Introduction Background Scope Beyond federal (all sectors) Guidance on developing EA that exploits geospatial Audience Agency architects, business management System architects CIO readership Existing policy and drivers (legislation, exec orders, ...) What is NSDI? FGDC, community Objectives Provide clarification to architects to help identify and exploit geospatial technologies Geospatial Basics Cross-cutting nature of geospatial Common Scenario Terminology Geospatial capabilities in the FEA Reference Models How geospatial interacts with the various <nowiki>RMs</nowiki> Business Reference Model Performance Reference Model Service Reference Model Technical Reference Model Data Reference Model Relationship to other FEA profiles Application of this Profile Common scenario and related use cases Example 1 - Example 2 - Appendix A: References Appendix B: Acronym List Appendix C: Terminology (Glossary)
Geospatial Enterprise Architecture What does it mean to me? and Why you should care! Tim Haithcoat MISSOURI
Does the place/position/location/address have or could it have an impact on the way that an activity is conducted? In other words, does the activity vary by place/position/location/address or do the characteristics of a place/position/location/address impact the activity?
If yes, then further questions should be asked to elicit more about how that activity varies spatially and what geospatial information and services may be relevant to the activity.
Does the activity require the use of or could it benefit from having a map/aerial photograph/satellite image?
Would a map/aerial photograph/satellite image be helpful in the conduct of the activity or increase the effectiveness of individuals or groups conducting the activity?
The Geospatial Business Language is comprised of five basic
types of terms:
Application : A computer program with a user interface or computer program component that employs geospatial data and technology; a geospatial business process or sub-process that is implemented as a software program or program component.
Data : A geospatial information class, type or property.
Function : A geoprocessing capability or user tool; a geospatial service component.
Process : A general series of business activities that employs geospatial data and technology.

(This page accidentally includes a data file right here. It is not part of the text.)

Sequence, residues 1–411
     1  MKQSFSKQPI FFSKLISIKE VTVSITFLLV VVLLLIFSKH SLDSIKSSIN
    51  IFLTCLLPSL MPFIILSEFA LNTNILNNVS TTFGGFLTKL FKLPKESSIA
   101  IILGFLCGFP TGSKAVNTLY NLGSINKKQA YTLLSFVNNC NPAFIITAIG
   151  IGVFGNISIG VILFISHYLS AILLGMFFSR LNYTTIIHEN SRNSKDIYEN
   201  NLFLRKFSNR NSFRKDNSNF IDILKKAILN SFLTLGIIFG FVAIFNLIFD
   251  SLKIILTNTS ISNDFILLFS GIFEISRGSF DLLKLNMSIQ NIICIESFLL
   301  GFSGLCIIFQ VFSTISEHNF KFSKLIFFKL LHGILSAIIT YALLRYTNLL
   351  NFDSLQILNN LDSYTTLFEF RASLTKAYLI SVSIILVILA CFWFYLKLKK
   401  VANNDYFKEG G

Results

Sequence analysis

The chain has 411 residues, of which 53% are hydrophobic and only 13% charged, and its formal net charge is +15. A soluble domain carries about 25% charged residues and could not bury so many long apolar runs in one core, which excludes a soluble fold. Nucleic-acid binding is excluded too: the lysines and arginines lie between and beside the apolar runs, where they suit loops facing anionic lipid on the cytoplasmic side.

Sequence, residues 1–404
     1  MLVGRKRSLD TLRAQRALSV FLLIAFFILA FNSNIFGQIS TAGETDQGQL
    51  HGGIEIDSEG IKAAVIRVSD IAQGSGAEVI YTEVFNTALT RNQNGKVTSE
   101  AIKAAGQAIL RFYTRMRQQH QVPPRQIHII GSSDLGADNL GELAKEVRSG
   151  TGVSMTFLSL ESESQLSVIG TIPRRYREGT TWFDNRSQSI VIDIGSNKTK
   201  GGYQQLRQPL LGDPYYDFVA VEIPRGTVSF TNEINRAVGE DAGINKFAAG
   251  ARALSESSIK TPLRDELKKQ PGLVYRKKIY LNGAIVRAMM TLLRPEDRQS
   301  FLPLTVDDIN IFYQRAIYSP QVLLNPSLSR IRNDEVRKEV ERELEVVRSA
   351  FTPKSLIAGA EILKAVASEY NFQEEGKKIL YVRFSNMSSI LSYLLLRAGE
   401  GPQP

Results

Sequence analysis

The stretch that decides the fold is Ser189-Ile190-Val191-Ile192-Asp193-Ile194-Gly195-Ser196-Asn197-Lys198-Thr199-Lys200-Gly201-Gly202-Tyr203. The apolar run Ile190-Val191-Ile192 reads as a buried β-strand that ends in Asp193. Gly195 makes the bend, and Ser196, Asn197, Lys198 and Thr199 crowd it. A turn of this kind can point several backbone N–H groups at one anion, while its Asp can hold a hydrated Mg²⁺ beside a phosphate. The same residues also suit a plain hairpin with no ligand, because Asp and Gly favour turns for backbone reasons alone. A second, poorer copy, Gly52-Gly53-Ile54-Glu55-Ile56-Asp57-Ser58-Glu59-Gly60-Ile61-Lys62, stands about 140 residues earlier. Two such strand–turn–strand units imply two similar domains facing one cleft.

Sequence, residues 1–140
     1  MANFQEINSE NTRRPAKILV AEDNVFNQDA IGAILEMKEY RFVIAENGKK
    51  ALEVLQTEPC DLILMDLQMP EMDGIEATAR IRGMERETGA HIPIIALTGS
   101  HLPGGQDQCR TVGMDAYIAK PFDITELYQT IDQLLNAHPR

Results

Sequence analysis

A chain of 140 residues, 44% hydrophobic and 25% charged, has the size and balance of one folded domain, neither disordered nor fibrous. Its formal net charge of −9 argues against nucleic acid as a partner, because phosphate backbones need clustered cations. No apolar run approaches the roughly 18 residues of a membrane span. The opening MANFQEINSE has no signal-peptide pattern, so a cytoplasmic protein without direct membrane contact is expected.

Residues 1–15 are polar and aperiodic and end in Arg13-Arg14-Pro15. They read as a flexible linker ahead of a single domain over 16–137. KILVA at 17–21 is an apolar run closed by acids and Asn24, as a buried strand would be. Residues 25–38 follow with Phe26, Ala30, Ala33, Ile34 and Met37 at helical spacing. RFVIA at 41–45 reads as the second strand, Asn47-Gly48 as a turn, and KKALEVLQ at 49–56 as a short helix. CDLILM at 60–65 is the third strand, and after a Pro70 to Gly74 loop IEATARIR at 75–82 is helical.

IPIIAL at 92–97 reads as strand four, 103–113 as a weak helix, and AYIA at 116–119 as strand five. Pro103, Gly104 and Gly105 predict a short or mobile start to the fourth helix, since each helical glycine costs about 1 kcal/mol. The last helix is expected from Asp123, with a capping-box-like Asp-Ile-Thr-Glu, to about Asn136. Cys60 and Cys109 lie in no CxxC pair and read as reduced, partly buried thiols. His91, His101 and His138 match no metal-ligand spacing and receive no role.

Technology : An application of science that generates, displays, manages or otherwise processes geospatial data.
At any given time, various organizations will be in
different phases of integrating geospatial technologies,
services, and data into their business and mainstream IT
operations. The degree to which this incorporation has
occurred can be measured through an integration
Comprised of eight (8) measurement categories
assessed across six (6) levels of maturity (range 0-5)
Influenced by NSGIC Model for Coordination of Geographic
Information Technology, NASCIO EA Maturity Model, and OMB PART
GIMM Measurement Categories Coordination —The level of organized coordination, collaboration, and leadership. Governance, Management, & Planning —The degree to which plans and strategies for geospatial components exist. Policies & Compliance —The existence and use of compliance–based processes for assessing consistency of integration, adoption, and service implementation. Enterprise Integration —The degree to which the geospatial aspects of business data are planned for, integrated, leveraged, and used to guide investments and initiatives. Data Acquisition, Documentation, & Maintenance —The stage of implementation of geospatial data lifecycle processes. Data Access & Distribution —The degree to which an organization maintains and improves users ability to search for, discover, and access geospatial data. Standards & Best Practices —The degree to which an organization adopts and complies with geospatial technology and process standards. Training & Skills Development —The level at which the organization is aware, understands, and communicates the potential utility and application of geospatial technologies.
Level 0 - No geospatial coordination mechanisms; Geospatial IT activities pursued on a project-by-project basis.
Level 1 - Project-based coordination by independent groups with common geospatial IT and data needs; Vested leader emerges for project duration
Level 2 - Broad based coordination by organization with common geospatial IT and data needs; Volunteer coordinator leads organization to goal; No predictable pattern or frequency of coordination; dependent on availability of lead
Level 3 - Unofficial Single Department Coordination; Key individuals act as coordinators with management approval; Level of facilitation and coordination depend on tenure of key persons and organizational leadership
Level 4 - Official Coordination through a Geospatial Information Officer (GIO); Enterprise coordination to the extent granted by authorizing mandate
Level 5 - Official Coordination through a Geospatial Information Officer (GIO); System is in place to ensure that established policies, guidelines and standards are followed, reviewed, and updated
Work with the evolving Geospatial Profile document.
Inventory and assess state geospatial maturity
Aid in the development of geospatial enterprise architecture (GEA) performance metrics
Compile and leverage amongst the states the various documents resulting from the development of individual state architectures (standards, best management practices, technical solutions, data element descriptions, etc.)
Interact and provide a state perspective to federal and OGC EA developments
Develop briefing materials for GEA and Geospatial Profile documents and activities